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I was brought up to believe that the only thing worth doing was to add to the sum of accurate information in the world. — Margaret Mead


 
Scholarly publishers have responsibilities to their authors and readers to ensure that the information they provide is worth reading — that it is accurate, new, and faithful. To ensure that worth, publishers do a lot of work. At JEP, for instance, we offer authors both peer-review and editor-review (although peer-reviewed articles get editor reviews anyway). Good reviews are welcomed by our authors, who recognize the value of an extra pair of eyes to ensure that the logic flows and the details are correct. Every scholarly publisher has some form of review, and the stringency of the review ensures the quality of the material.

Scholarly publishers are not just associated with university presses or commercial publishing companies, they can be discipline-based organizations, not-for-profit organizations, and even academic departments or research centers. Each has a responsibility to publish only worthwhile material, and each does it slightly differently.

But review is not the only way publishers ensure the value of their products. Publishers add to that value by understanding the medium in which they are publishing (electronic, in our case), its potential to offer more and different materials, the difficulties that have to be overcome, and the tools that can help.

This issue of The Journal of Electronic Publishing features authors who recognize the responsibility of publishers to leave the world a little better, and each has a different approach to adding to the sum of accurate information in the world. All of them have done so here.

Locally Controlled Scholarly Publishing via the Internet: The Guild Model

Rob Kling, professor of information science and information systems at Indiana University - Bloomington; Lisa Spector, research associate in the Center for Social Informatics at Indiana University; and Geoff McKim, a doctoral student at the Indiana University School of Library and Information Science, examine what they call "career review" and show how its strengths undergird many of the sites that people go to for accurate information.

Intensive Disciplinarity in Electronic Services for Research and Education: Building Systems Responsive to Intellectual Tradition and Scholarly Culture

Timothy Stephen, a professor of communication at the University at Albany, SUNY, and president of the Communication Institute for Online Scholarship (CIOS), and Teresa M. Harrison, professor of communication and chair of the department of communication at the University at Albany, SUNY, argue that interdisciplinary scholarly resources miss so much that their value should be questioned. They instead propose a discipline-based approach to collecting information of value.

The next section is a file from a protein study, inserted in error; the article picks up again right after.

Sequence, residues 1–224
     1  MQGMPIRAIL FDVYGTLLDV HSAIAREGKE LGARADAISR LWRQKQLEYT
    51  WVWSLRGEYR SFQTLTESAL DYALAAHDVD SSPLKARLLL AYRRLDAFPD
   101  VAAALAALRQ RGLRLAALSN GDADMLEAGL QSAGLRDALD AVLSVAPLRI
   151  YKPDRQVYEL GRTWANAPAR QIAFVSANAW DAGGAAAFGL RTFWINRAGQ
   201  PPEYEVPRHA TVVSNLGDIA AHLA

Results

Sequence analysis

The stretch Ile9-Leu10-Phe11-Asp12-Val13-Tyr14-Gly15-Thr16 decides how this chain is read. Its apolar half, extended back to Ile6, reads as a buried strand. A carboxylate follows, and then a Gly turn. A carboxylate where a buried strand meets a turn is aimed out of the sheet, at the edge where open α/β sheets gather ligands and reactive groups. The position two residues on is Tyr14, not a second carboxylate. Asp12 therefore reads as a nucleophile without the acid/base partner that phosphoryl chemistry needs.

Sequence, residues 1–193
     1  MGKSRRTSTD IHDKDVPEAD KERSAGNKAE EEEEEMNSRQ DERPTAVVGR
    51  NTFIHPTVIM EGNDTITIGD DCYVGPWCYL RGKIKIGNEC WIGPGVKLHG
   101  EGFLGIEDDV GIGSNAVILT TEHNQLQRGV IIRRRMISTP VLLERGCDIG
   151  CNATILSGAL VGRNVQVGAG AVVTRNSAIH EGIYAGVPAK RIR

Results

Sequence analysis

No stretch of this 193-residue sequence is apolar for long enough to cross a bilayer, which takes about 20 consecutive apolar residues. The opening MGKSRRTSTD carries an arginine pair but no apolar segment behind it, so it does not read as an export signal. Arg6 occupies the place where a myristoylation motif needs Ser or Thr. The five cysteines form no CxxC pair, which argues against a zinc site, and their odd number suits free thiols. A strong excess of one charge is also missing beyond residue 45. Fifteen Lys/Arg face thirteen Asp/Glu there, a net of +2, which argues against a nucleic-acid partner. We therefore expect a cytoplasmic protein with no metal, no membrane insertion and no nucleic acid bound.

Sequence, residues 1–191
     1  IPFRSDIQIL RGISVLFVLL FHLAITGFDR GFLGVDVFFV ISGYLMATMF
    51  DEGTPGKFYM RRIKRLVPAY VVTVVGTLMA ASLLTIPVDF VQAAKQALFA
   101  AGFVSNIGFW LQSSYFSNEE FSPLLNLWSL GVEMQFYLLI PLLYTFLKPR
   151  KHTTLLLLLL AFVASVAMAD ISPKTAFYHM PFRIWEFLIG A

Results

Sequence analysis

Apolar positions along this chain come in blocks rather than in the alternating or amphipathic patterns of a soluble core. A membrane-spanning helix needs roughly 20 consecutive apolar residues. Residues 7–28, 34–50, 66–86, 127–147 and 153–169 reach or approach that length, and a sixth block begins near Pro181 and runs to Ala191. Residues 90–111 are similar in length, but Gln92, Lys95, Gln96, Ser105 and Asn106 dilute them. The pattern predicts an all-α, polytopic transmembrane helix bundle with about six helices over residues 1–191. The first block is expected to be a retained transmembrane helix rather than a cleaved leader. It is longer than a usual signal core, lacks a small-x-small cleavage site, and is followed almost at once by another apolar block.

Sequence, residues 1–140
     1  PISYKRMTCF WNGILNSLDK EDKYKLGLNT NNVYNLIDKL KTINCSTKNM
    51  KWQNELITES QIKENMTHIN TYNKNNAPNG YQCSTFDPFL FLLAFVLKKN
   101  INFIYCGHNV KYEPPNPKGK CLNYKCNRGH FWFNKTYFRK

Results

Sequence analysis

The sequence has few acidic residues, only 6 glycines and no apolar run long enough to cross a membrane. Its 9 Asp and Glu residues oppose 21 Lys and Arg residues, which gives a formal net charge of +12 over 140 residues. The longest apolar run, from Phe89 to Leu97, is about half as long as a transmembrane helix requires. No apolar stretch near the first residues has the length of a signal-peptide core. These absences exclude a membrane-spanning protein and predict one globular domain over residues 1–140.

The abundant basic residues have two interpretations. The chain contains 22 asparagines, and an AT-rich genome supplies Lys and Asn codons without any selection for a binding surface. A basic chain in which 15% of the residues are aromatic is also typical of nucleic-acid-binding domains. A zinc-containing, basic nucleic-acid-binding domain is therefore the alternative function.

What Are the Alternatives to Peer Review? Quality Control in Scholarly Publishing On The Web

William Y. Arms, a professor of computer science at Cornell University, says that the Web offers several alternatives to peer review for ensuring the proliferation of accurate information in the world, and he focuses on "volunteer review" as a new and successful approach.

Writing Electronically: The Effects of Computers on Traditional Writing

Sharmila Pixy Ferris, associate professor and graduate program director in the department of communication at William Paterson University, explores how electronic writing is different from traditional writing. Her reflections may cause you to reflect, too, about the effect of the medium on the fidelity of the information.

Typesetting Native American Languages

Apostolos Syropoulos, president and founding member of the Greek TeX Friends Group, explains how having the right typesetting software can make what we produce more accurate.

Fourteen Lessons: Initiating and Editing an Online Professional Refereed Journal

Genevieve Brown, professor and chair of the department of educational leadership and counseling at Sam Houston State University, and Beverly J. Irby, professor and director of the Center for Research and Doctoral Studies in the department of educational leadership and counseling at Sam Houston State University, started the Advancing Women in Leadership Journal, and they share some advice about adding to the sum of accurate information in the world.

The Publishing Business: Desktop Publishing Software

Bevi Chagnon, a publishing consultant, says that the right tools can help e-publishers deliver accurate information. She compares five desktop-publishing packages and suggests what types of publications they're best suited for.

Adding to the sum of accurate information in the world means choosing right, presenting well, and delivering effectively. I hope this issue of JEP will help you do that.

Enjoy.



Judith Axler Turner may be reached by e-mail at judith@turner.net.